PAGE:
Californian Votes Have More Power Than Most

  • Essay 2 response for PS 1010, Wayne State, Fall 2012.
  • Example of teaching mechanism: compare your essay to mine.
  • Niche audience: new institutionalism, rational choice researchers.

Article: Lawrence D. Longley and James D. Dana.
“The Biases of the Electoral College in the 1990s.”
Polity, Vol. 25, No. 1 (Autumn, 1992), pp. 123-145.

My Analysis: The problem with the Electoral College (the legal vote structure for presidential elections in America) generally begins with an understanding of the bias it creates, or the distortion of the popular vote for President, which “will always provide an imperfect reflection of the popular vote for President” (124). In short, a democracy should enforce equal voting power to all denizens, but the Electoral College creates systematic biases that give some voters more power than others. This essay discovers who disproportionately benefits from the Electoral College in America and also affirms who is disproportionately at a disadvantage. In addition, this essay explains who would gain and lose “voting power” if the Electoral College operated under different rules (124).[i]

The current Electoral College immensely benefits voters in large states because whichever presidential candidate wins the majority of votes in any particular state does receive all the electoral votes.[ii] For example, Californians wield two and a half times more voting power than fellow Americans from the least advantaged state.  In fact, “45 of the 51 ‘states’ [include District of Columbia] have less than the average relative voting power…and six states—the six most populous states—have greater than average relative voting power” (130-131). The 6 states are California, New York, Texas, Florida, Pennsylvania, and Illinois, respectively (Table 1, 131). Thus, the Electoral College creates patterns of inequity in a country that inspires democracy, which the authors measure according to the variance of the probability of each citizen-voter in affecting the election outcome. American voters living in states “with between 3 and 21 electoral votes are relatively disadvantaged by the electoral college in the 1990s” (134).

But what if the Electoral College changed to “The Proportional Plan”? Longley and Dana find that if the electoral votes (based on the number of U.S. House members + 2 (Senators)) were proportionally distributed along the lines of popular vote within each state, then the system would result “with a unidirectional bias favoring the smallest states” (135, italics in original). This is because the smaller the state, the more voting power is allocated to each voter in that state compared to voters in larger states. For example, a voter in Wyoming would have 2.638 times voting power than a voter in California. The authors make it perfectly clear: “The proportional plan…is not a ‘compromise’ reform plan; rather it is, like the present electoral college, an inherently inequitable electoral plan for determining the President” (135).[iii]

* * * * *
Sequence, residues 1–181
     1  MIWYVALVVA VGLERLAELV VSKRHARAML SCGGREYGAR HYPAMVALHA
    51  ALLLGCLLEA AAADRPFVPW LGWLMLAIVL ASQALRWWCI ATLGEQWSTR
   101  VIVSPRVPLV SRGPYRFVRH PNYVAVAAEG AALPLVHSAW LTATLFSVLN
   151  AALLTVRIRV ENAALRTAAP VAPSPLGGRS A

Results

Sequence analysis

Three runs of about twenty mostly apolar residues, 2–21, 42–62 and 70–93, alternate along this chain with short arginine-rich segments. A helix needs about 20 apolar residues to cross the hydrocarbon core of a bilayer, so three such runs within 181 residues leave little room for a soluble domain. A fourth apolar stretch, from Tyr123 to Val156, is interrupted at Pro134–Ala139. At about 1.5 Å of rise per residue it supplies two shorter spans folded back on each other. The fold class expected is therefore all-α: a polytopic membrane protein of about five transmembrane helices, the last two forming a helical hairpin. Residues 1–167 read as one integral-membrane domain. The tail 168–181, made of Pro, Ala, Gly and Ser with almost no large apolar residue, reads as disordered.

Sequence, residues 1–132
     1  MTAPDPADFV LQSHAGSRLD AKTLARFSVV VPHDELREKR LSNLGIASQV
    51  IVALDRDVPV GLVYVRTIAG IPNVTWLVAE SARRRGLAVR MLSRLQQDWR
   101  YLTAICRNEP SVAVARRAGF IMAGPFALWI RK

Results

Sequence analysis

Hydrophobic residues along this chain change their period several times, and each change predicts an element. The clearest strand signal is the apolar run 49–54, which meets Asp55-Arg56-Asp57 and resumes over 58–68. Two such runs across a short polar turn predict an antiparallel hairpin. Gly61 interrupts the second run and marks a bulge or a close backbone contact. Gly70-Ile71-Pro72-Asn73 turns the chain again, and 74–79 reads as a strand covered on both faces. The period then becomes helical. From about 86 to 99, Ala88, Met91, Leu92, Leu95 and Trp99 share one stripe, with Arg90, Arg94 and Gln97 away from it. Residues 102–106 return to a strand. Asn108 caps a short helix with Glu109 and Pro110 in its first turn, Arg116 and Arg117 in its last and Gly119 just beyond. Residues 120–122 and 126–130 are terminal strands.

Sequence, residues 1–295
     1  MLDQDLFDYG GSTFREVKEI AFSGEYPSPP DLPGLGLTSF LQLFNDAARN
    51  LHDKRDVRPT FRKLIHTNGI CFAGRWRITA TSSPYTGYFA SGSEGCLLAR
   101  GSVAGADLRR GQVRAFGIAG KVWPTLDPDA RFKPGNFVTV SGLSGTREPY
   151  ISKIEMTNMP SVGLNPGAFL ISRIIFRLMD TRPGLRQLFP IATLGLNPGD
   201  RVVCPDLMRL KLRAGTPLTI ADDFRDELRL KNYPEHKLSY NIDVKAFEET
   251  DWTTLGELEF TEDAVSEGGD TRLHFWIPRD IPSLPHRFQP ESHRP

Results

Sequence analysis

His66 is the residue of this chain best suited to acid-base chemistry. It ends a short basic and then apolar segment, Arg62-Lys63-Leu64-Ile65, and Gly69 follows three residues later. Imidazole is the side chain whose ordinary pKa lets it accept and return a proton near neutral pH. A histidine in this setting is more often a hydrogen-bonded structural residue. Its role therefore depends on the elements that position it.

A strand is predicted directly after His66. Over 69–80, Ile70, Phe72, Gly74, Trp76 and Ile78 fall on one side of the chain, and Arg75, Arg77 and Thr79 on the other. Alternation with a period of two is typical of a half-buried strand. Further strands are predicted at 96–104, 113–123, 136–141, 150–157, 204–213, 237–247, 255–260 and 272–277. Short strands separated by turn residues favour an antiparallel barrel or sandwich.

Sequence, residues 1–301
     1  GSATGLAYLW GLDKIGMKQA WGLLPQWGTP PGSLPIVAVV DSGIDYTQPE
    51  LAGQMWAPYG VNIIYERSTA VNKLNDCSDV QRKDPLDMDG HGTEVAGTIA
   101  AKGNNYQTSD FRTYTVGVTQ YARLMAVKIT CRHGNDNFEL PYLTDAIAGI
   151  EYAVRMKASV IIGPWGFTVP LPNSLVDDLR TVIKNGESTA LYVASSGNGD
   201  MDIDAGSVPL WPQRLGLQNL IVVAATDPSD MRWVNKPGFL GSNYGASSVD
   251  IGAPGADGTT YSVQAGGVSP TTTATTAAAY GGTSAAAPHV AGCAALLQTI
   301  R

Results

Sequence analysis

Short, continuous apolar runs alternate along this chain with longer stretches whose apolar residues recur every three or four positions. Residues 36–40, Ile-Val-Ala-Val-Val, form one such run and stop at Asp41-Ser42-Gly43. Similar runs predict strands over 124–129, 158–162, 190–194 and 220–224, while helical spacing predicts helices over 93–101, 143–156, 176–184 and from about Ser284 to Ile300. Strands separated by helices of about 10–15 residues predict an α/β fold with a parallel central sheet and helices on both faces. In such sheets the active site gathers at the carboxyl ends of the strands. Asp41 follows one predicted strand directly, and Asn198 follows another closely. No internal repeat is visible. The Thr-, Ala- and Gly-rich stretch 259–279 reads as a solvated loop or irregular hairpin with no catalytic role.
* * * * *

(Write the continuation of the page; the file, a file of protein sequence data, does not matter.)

The “Direct Vote Plan” is the only equitable plan—whereas one’s vote holds the same vote power as any other voter in any other state.

Table 2 clearly reveals who disproportionally benefits and loses under the current Electoral College. First, California immensely benefits from the biases manifested via the structure of the system. In general, urban, Jewish, Hispanic, and foreign born voters benefit. Second, small states (in population) disproportionally have less voting power under the current system. In general, rural, Black, and blue collar voters hold much less voting power under the current Electoral College (139).

Table 5 showcases the “Best Plan,” or likely preference, for regions and groups considered in the former paragraph. The regional preferences are: eastern and southern states would prefer the Direct Vote Plan. Midwestern states would prefer the District Plan. Mountain states would prefer the Proportional Plan. And Far Western States (i.e. California) would prefer the present Electoral College.  The group preferences are: urban, Jewish, Hispanic, and foreign born voters would prefer the current Electoral College. Blue collar workers would best benefit from the Proportional Plan. Rural groups would prefer the District Plan. And Black voters would best benefit from the Direct Vote Plan.

In conclusion, if change to the Electoral College was ever seriously considered, we should expect many different groups and many different regions to hold many different preferences.

[i] “Voting power” is carefully defined (by Banzhaf) on page 128.

[ii] Please note that today, 2012, Nebraska and Maine provide opportunities to split the Electoral College votes.

[iii] In “The District Plan,” the voter in Wyoming would have 3.645 times the voting power of a California voter.


4 thoughts on “Californian Votes Have More Power Than Most

  1. Pingback: Review for American Politics Comp. Exams | Political Pipeline

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